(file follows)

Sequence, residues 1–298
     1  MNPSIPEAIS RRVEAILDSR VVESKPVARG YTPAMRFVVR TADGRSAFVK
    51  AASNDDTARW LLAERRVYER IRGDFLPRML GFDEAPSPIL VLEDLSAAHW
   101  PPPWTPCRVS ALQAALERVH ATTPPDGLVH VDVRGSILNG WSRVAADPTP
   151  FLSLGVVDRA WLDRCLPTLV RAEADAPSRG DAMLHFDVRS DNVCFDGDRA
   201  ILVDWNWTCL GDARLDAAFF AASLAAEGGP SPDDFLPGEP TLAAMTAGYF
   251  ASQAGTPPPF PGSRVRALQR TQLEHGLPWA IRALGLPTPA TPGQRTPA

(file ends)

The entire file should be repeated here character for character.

Sequence, residues 1–298
     1  MNPSIPEAIS RRVEAILDSR VVESKPVARG YTPAMRFVVR TADGRSAFVK
    51  AASNDDTARW LLAERRVYER IRGDFLPRML GFDEAPSPIL VLEDLSAAHW
   101  PPPWTPCRVS ALQAALERVH ATTPPDGLVH VDVRGSILNG WSRVAADPTP
   151  FLSLGVVDRA WLDRCLPTLV RAEADAPSRG DAMLHFDVRS DNVCFDGDRA
   201  ILVDWNWTCL GDARLDAAFF AASLAAEGGP SPDDFLPGEP TLAAMTAGYF
   251  ASQAGTPPPF PGSRVRALQR TQLEHGLPWA IRALGLPTPA TPGQRTPA